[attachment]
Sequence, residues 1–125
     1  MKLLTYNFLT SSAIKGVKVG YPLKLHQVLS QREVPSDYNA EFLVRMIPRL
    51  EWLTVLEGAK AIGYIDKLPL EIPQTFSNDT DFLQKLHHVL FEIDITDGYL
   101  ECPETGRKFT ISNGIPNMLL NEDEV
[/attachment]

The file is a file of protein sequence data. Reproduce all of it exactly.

Sequence, residues 1–125
     1  MKLLTYNFLT SSAIKGVKVG YPLKLHQVLS QREVPSDYNA EFLVRMIPRL
    51  EWLTVLEGAK AIGYIDKLPL EIPQTFSNDT DFLQKLHHVL FEIDITDGYL
   101  ECPETGRKFT ISNGIPNMLL NEDEV